David Kimberley
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Updated 06 Jan 2023
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Disclosure – Non-Independent Marketing Communication

This is a non-independent marketing communication commissioned by Ashoka India Equity. The report has not been prepared in accordance with legal requirements designed to promote the independence of investment research and is not subject to any prohibition on the dealing ahead of the dissemination of investment research.

Like most of the world, Asian equity markets did not have the easiest year in 2022. China’s ongoing lockdowns, as well as deratings in many of its more growth-driven tech stocks, led to poor returns for many investors in a country that tends to dominate Asian portfolios.

Other regions, like South Korea and Taiwan, saw similar drawdowns in the more growth oriented parts of their respective stock markets. They may have also suffered due to recessionary fears, which are likely to lead to lower exports across the continent.

The result is that, on a price to book basis, Asian country indices are nearly all trading below their ten-year historical average. India has been the stand out exception to this, with the Nifty 50 – an index of the 50 largest publicly-traded companies in the country – up 4.3% last year on a total return basis in Indian Rupee terms.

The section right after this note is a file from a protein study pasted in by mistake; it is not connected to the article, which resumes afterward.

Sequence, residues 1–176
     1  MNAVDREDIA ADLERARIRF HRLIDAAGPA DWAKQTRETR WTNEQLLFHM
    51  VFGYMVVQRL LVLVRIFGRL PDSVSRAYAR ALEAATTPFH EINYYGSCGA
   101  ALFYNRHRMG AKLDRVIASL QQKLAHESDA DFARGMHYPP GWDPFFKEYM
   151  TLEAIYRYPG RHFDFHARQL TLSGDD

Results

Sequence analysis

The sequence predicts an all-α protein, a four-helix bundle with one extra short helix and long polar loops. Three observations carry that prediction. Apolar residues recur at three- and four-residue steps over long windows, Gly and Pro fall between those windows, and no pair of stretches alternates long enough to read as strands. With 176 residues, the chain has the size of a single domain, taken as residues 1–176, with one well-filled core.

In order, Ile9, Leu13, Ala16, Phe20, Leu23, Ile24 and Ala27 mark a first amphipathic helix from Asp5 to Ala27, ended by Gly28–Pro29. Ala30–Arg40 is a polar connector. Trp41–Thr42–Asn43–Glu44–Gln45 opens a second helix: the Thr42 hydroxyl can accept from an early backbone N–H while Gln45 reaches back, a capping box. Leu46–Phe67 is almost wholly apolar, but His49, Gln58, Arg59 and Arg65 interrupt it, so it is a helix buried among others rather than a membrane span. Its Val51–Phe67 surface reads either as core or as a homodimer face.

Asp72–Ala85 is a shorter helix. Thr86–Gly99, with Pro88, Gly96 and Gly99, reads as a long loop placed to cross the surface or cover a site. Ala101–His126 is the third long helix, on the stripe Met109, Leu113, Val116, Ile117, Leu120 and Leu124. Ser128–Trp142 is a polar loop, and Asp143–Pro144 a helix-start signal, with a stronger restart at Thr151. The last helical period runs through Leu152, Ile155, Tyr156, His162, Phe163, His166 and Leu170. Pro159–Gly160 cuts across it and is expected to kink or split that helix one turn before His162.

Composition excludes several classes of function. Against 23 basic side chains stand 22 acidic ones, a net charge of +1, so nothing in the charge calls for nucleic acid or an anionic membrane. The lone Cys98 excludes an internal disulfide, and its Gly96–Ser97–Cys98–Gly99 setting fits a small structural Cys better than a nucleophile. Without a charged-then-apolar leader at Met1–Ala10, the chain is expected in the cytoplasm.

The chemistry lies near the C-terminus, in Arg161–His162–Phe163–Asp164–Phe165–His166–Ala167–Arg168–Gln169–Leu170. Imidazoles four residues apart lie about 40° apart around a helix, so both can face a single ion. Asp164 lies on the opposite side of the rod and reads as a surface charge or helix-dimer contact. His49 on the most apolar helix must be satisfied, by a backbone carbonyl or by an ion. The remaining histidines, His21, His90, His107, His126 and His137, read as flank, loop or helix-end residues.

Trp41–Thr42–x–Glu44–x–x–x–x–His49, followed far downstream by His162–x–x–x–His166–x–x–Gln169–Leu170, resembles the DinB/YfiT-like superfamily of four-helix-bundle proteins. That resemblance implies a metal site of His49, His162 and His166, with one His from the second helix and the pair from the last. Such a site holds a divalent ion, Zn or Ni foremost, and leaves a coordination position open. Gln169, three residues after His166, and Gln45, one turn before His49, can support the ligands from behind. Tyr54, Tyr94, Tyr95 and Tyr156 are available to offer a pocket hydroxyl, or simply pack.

A few factors seem to have been driving more positive investor sentiment for India. One is that the country looks likely to have delivered GDP growth of 6.8% in 2022 and is on track to see a 6.1% increase in 2023, according to estimates from the International Monetary Fund, although it should be kept in mind that this is partly due to a lower base rate caused by the pandemic.

Another is that the country has not seen the same sort of elevated levels of inflation that many countries in the West have. This is probably due to the government and central bank taking a much more conservative fiscal approach during the pandemic. India is also not suffering from the sorts of labour shortages which are now prevalent in many Western countries.

Looking beyond these more short-term phenomena, reforms made by the Modi government over the past few years are also bearing fruit and making India a more attractive investment proposition. The country has risen in the global ease of doing business rankings from the 142nd spot in 2014 to 63rd in 2020, largely due to over 30,000 pieces of regulation being either scrapped or simplified.

At the same time, the past 15 years have seen the proportion of middle-class Indians more than double, from 14% to 31%. It’s worth noting that the population of India also increased by approximately 300m over that period, so in numerical terms the number of people in India’s middle class almost tripled in that time. That’s led to a more dynamic economy, with increasing spending on various sectors, including consumer goods and healthcare.